This is what I did each day. I checked people in, usually routine but not always. People sometimes wanted to upgrade or split their bills in complex ways or had special requests. I kept track of availability, not just here but in each of the eight hotels in the park. We were expected to make same-day or next-day reservations for any of them. I answered phones, mostly to connect callers to guests (it wasn’t possible to dial a room directly from the outside), but often enough to answer some annoying question—one person from the United States asked if it was safe to drink the water (while working the host stand in the restaurant, Karen was asked to give a caller detailed driving directions from Los Angeles). I answered a never-ending barrage of questions. Where is the bathroom? What is the weather report? Can I change rooms? Where is the ice machine? How do I make a dinner reservation? What is there to do? When does Old Faithful erupt? How long does it take to get there? Where is the Elephant Back trail? Where is a good spot to go fishing? How do you get to Grand Teton National Park? What’s the best way to get to Cody, Wyoming? Do you have the number of a rental car company in Jackson? Who designed the flower arrangement on our desk? There was nothing we were not expected to know or be able to find out, and after a time I began to take great pride in answering the most arcane or foolish question.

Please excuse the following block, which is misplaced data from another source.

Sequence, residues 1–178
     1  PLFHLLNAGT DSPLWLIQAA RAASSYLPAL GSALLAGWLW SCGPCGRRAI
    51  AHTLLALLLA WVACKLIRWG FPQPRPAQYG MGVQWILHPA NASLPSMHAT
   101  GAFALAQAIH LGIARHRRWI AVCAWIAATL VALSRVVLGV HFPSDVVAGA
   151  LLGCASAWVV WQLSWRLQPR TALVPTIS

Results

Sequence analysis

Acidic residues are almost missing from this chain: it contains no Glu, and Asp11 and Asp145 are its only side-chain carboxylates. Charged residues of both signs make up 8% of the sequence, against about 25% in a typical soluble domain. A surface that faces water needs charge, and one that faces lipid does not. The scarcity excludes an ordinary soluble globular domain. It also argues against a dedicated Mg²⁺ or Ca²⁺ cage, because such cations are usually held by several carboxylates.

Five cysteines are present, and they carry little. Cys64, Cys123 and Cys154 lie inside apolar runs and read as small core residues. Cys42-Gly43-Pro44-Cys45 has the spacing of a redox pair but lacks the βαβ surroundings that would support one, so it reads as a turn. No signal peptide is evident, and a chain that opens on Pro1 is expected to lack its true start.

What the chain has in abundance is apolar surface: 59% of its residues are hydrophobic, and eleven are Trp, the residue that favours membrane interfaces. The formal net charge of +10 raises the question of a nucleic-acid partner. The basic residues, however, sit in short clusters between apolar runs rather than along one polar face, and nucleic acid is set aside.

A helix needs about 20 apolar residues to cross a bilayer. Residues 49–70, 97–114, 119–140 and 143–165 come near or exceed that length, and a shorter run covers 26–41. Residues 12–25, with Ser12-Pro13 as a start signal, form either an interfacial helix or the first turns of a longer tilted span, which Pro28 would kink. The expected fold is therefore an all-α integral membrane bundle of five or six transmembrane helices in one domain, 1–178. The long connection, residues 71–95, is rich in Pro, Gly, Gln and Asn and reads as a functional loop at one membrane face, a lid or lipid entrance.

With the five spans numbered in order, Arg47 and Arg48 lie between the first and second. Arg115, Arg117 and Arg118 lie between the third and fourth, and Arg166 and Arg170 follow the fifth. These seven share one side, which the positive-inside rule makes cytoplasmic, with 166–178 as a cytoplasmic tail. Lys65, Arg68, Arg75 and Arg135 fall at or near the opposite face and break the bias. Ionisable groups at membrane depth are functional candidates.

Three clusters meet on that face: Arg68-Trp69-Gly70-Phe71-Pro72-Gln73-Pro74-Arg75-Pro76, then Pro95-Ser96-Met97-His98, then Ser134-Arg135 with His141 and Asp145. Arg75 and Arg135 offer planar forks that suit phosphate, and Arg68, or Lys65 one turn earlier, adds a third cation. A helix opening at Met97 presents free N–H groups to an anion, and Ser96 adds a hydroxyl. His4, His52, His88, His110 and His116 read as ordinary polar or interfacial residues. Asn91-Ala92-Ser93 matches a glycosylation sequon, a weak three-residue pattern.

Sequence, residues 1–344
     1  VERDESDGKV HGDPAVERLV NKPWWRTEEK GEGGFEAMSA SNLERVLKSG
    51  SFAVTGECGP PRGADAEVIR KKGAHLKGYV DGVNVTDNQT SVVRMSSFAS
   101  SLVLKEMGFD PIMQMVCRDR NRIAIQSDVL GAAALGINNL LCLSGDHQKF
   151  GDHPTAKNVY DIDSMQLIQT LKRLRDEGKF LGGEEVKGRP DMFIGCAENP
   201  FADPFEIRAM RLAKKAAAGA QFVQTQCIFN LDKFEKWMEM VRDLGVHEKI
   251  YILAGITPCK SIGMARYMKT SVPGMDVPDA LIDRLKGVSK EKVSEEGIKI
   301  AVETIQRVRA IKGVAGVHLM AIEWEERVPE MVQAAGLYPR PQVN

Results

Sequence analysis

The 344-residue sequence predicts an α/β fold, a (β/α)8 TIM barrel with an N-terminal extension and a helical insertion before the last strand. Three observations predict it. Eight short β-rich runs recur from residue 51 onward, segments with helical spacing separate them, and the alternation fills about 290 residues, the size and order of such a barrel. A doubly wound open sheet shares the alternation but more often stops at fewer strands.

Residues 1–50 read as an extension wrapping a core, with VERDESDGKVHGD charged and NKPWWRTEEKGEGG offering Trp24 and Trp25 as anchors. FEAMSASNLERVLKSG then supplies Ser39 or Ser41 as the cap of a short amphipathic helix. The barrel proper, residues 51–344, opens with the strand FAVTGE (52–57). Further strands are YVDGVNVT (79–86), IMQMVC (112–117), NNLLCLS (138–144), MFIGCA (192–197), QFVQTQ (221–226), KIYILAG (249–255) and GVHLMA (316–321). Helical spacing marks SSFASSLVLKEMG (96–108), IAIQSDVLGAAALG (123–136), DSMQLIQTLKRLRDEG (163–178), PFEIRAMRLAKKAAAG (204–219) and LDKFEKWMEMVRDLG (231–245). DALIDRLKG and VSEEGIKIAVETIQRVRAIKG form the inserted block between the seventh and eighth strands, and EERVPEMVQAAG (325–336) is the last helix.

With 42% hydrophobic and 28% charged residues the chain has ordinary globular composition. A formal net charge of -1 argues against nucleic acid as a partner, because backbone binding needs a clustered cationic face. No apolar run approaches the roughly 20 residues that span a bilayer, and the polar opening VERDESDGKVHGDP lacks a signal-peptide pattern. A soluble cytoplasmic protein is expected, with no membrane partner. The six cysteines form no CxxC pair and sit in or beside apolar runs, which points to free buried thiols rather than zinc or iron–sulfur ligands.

I ticketed and booked activities, of which there were many: bus tours, boat tours, horse rides at several park locations, photo safaris, chuck wagon cookouts, and wildlife excursions. It was tedious and time-consuming to check in a family and then book or ticket their activities, especially if they began to ask questions about them and there was a long line of guests. I kept housekeeping and maintenance aware of any problems in the rooms and other parts of the hotel. I checked people out, which again was usually routine but not always. Most people didn’t go over their itemized bills but some did, and if they had questions about particular charges, I had to find out about them, which could involve a laborious search through the dining receipts. Once a waiter, unhappy with the size of a tip, altered a receipt, changing a zero to an eight. It took us a long time to unravel this bill, although it was exciting to catch the crook. I kept careful account of all cash transactions. These had to be posted to the right accounts, or else our book wouldn’t balance at the end of the shift. When we were done with our shifts we had to file preliminary reports, see to it that these balanced, and then file a final report, drop our cash into a safe, and put our “bank” away. There were many forms to be aware of and many possibilities for mistakes. One day my cash balance was off by more than $200. Luckily I had written down all my cash transactions, including the name of the guests giving me cash. I had forgotten to post a cash payment and so it showed up as a credit card transaction.